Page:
From the latest creative trends to tracking challenges, ASO and experiences with influencer marketing, App Promotion Summit London was filled with insightful talks, panel discussions and presentations from different players in the mobile app industry. Marketers, service providers, product experts and many more presented their views on where the industry is heading and what is in store for the future.
In this blog, we summarize the most interesting takeaways to help you guide your user acquisition strategy this year and beyond.
The good news is that the app business is booming. There are more and more app companies generating millions of dollars in revenue. The biggest players are already running marketing budgets of dozens or even hundreds of millions of dollars. While this success fuels ever stronger ecosystem growth, the market is also becoming more crowded and competitive. In 2021 alone, over 2 million new apps were published. This means that ensuring an app is discovered, succeeds and stays relevant is harder then ever.
In the keynote from Data.ai, it was mentioned that in terms of in-app revenue, gaming is still the king of the hill – especially on Android. This is also reflected in marketing budgets: 70% of apps with a budget over $100M are from the gaming sector. In-app revenue from non-gaming apps is also growing rapidly especially in entertainment, house and home as well as news and magazines categories.
The growth in revenue and marketing budgets means competition is getting more fierce, especially in the most established marketing channels. Facing ever-increasing competition, acquisition managers will need to constantly improve performance. They will also need to unlock and scale new channels like creator marketing alongside staples such as Google search ads or Facebook and Instagram.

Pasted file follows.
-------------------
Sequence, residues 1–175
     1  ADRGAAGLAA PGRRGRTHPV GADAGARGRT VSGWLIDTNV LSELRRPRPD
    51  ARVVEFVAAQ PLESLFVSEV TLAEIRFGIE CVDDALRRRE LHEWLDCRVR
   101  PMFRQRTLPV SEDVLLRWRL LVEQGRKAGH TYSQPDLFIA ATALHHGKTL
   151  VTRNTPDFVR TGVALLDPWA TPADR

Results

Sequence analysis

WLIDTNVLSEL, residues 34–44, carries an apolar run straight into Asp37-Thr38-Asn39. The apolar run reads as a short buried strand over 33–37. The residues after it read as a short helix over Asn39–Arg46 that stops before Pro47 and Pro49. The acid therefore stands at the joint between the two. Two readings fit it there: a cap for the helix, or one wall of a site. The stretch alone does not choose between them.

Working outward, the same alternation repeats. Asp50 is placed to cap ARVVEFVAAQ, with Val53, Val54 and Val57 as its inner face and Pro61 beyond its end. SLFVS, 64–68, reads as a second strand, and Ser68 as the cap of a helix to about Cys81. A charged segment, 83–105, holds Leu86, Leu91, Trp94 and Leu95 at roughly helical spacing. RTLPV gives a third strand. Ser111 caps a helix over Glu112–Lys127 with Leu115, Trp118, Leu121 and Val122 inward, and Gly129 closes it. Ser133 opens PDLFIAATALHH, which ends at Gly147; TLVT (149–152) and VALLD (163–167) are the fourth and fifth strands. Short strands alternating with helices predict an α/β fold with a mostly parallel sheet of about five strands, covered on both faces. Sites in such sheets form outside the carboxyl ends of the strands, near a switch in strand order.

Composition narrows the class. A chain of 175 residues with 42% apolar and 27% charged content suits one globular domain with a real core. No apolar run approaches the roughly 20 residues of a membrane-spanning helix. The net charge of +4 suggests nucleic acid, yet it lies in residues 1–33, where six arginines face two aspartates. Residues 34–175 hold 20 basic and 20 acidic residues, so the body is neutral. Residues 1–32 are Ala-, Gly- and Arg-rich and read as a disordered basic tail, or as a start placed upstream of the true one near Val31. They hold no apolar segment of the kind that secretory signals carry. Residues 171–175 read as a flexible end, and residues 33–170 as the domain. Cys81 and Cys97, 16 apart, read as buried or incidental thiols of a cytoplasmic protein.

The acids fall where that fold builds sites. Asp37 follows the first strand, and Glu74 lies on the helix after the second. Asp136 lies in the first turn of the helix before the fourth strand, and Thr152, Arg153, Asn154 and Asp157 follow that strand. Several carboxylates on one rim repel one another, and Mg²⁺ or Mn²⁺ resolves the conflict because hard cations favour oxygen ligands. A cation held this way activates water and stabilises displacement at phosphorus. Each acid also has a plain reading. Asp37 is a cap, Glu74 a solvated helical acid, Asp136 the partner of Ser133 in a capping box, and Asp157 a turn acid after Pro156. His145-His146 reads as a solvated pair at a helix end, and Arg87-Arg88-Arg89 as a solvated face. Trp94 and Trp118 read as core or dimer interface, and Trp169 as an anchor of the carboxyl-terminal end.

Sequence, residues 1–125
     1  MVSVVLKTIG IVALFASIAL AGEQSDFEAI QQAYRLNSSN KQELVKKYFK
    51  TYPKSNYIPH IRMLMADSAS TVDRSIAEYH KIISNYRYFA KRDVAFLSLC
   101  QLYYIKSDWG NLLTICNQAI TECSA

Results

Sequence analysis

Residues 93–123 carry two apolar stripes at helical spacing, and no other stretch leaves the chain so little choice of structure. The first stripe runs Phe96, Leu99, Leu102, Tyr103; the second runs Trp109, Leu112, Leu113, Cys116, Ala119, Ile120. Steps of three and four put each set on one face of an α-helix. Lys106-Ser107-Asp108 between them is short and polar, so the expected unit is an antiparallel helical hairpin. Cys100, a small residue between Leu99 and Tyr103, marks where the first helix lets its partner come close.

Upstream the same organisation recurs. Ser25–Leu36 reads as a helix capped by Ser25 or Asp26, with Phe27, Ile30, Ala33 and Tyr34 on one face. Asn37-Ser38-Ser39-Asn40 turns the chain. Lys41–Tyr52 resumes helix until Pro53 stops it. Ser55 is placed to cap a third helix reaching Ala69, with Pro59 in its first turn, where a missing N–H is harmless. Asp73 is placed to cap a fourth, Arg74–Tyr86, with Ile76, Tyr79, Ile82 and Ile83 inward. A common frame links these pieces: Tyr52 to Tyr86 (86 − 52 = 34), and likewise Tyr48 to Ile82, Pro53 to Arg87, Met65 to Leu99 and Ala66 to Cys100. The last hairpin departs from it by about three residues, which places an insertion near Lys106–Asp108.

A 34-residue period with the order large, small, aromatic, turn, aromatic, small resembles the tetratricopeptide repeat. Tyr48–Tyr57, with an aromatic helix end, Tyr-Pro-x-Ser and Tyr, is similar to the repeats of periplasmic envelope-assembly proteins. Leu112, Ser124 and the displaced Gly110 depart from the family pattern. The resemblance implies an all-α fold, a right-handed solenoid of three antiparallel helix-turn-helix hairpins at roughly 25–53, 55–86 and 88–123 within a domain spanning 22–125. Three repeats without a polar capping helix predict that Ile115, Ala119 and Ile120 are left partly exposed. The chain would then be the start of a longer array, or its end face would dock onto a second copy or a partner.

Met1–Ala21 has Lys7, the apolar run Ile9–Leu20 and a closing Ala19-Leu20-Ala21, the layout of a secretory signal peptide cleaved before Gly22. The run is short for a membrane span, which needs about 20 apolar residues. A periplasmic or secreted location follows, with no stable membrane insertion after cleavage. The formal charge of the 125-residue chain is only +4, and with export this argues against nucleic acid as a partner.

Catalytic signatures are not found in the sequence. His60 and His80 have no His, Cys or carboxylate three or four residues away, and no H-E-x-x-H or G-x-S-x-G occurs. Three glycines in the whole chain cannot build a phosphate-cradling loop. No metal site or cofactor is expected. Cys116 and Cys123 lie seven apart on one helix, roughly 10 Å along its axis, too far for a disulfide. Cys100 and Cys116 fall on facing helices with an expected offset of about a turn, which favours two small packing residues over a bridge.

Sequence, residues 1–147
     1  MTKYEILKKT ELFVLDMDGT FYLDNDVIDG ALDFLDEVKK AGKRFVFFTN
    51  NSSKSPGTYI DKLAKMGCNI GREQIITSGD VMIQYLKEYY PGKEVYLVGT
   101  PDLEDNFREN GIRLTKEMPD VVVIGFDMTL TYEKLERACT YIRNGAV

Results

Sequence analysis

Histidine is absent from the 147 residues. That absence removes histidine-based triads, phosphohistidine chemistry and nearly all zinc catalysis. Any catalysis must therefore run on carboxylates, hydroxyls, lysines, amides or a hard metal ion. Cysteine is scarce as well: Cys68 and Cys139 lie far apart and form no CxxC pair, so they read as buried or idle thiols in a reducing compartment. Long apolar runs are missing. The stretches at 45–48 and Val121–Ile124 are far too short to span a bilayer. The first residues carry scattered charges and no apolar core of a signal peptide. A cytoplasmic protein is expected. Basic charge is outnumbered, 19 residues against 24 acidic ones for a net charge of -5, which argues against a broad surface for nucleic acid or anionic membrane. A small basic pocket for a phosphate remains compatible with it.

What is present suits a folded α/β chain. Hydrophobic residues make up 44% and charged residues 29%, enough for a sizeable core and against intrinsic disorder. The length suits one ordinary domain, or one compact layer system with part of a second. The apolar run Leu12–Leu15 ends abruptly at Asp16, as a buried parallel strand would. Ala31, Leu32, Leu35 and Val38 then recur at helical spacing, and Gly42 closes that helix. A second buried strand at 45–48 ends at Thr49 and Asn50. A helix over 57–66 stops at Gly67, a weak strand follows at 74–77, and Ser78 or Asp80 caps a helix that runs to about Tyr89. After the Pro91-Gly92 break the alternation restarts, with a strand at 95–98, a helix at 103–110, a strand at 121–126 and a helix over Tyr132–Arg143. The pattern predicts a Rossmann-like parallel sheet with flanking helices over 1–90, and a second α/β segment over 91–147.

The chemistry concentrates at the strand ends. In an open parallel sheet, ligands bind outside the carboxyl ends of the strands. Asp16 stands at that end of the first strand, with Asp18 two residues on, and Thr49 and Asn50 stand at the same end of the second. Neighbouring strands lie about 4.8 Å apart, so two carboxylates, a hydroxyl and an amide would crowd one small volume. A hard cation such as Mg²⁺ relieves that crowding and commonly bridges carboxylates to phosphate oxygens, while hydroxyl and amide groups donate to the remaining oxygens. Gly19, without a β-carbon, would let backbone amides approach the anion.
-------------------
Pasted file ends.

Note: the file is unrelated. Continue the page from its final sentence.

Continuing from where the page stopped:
Apple’s tracking restrictions, introduced in iOS 14, have started to impact the industry more and more. In a panel discussion about user acquisition on iOS 15 and beyond, the panelists pointed out that advertising CPMs on Android have already started to increase as people have shifted budgets there. However, this is likely to be a temporary fix as Google has announced that it will start phasing out third party cookies next year.
This will also put even further emphasis on first party data in the future. App advertisers will need to start using more sophisticated modeling and potentially even multiple sources of truth (such as internal models vs. MMP data) to better understand the true impact of their advertising efforts.
The current and future targeting restrictions mean that tracking post-install behavior such as in-app purchases becomes increasingly difficult. Retargeting is also much harder as you are no longer available to target people based on past behaviors as reliably as before. This increased level of privacy will not be going away so other measures need to be taken to effectively engage new and existing users in the future.
Advertisers are already addressing this by moving to more general targeting and changing creative to address both new and existing users together. In fact, ad creatives are increasingly becoming the most important performance lever in an advertiser’s toolkit.
There were several key creative trends highlighted. Most importantly, several talks emphasized that deep understanding of users’ motivations and behavior and tying the creatives around these themes is working extremely well.
In order to create effective advertising meeting these needs, you should be able to answer the following questions:
- Why are users using your app? What are the problems they are trying to solve?
- Which features are used the most? What aspects or capabilities emerge from analytics and reviews for example.